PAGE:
The Crimson Nightmare

January 18, 2010
There was so much blood on his face that his skin was no longer visible. A parade of dark red fluid began marching down his checks and chin. His high-pitched adolescent scream rung within my eardrums as the dog wrestled him to the grass. One paw was scrapping his collarbone and the other was dug into his neck. His delicate, Irish skin gave way like Play-Doh between a child’s vicious fingers. The dog’s colossal jaws sunk deep within his left eyebrow and eyelid.

We were only about a block and a half from our house, when we first saw the crooked, white picket fence standing only about two feet from the ground. As we crossed the street, I could already hear the profound, vociferous bark of the massive German Shepard towering inside of the minuscule fence. Yet, it was just another fraction of our average journey that we traveled every afternoon at three o’clock when the bell rang.

As my brothers and I approached the fence, the psycho dog was behaving as if it were imitating Godzilla during his destruction of Tokyo. I was now the leader of our three-person wolf pack, and the pressure was beating down. I began to talk in a stupid baby voice in an attempt to calm the dumb dog, but it was no use. Fate had begun to run its course, which triggered much tear shed, blood, and terror. Steven and I instantly ran over to Patrick, and wrapped my dark blue North Face jacket around his face. Through small hiccups between larger sobs, my poor younger brother kept whimpering, “I’m going to die, I’m going to die”, and I just kept repeating, “You are going to be okay, I swear.” All Steven could muster up was, “At least, you will look cool for Halloween”, and I know somewhere deep down under all of the horror, Patrick and I both smiled at our sanguine brother.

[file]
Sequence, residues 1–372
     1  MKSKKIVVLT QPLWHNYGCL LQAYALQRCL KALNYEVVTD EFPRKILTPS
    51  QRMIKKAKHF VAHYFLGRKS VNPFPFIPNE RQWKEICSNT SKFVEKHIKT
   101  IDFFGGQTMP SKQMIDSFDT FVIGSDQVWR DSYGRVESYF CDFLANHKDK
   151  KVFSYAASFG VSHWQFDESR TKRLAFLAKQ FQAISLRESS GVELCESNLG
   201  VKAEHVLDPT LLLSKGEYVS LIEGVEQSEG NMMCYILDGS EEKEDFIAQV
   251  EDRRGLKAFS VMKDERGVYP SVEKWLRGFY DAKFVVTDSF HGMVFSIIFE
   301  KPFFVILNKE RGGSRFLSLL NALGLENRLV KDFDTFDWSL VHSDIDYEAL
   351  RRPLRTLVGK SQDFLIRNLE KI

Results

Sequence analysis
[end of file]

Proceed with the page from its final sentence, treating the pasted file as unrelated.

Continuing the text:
Fear is realization. I am, forever and always, going to need minor injections of fear and reality to stay grounded in life. It is not always going to have to be striking, new realization, but some piece of key information that was not currently drifting around in my head during that specific time period. It may be stored away in the many files of my brain, but after that wave of fear or uncertainty, it fires right back out of the cannon. Fear installs a kind of awareness that I do not usually have set up during particular events or explicit interludes in which my life is going exceptionally smooth. When my life consists of pure joy, happiness, and fun, I want to block everything else out of sight, never looking back. So, if I am going to continue being my stubborn self, fear and realization are going to have to persistently keep up with me on this extended journey, never looking back.

The devastating attack on my brother was most certainly fear tapping me on my shoulder, and then as I ignorantly turned around, realization following it up with a stinging slap across the face. I have always loved my brother, I always will love my brother, and so this attack did not necessarily make me realize that I love my brother. It made me ponder the many complex ideas of life and death. Ultimately, there will be a time for my little brother to pass on, and I understand that. I can not say that I necessarily accepted that concept during the attack, especially because he was just so young. Though, I was very grateful that his life was not cut short due to some untrained, foolish dog.

So, yes, for the next couple of days, I treated my younger brother like the king of the world, told him that I loved him between every sentence, and brought him more ice cream than he had ever eaten in his whole life. The realization that I could have lost my little brother was still so raw, so fresh in my mind. It was almost like I was guilt tripped into being so kind towards him, but it was actually just the re-realization of how thankful I truly was for my loud, sprightly brother.

Though, the weeks went on, and I continued loving my brother like I had always had, but we would fight here and there. We were simply carrying out a normal brother-sister relationship. We would annoy, anger, tease, and mock each other exactly like old times. To this day, we still carry out an above-average brother-sister relationship, though I could probably use another reminder, maybe just not so dramatic.

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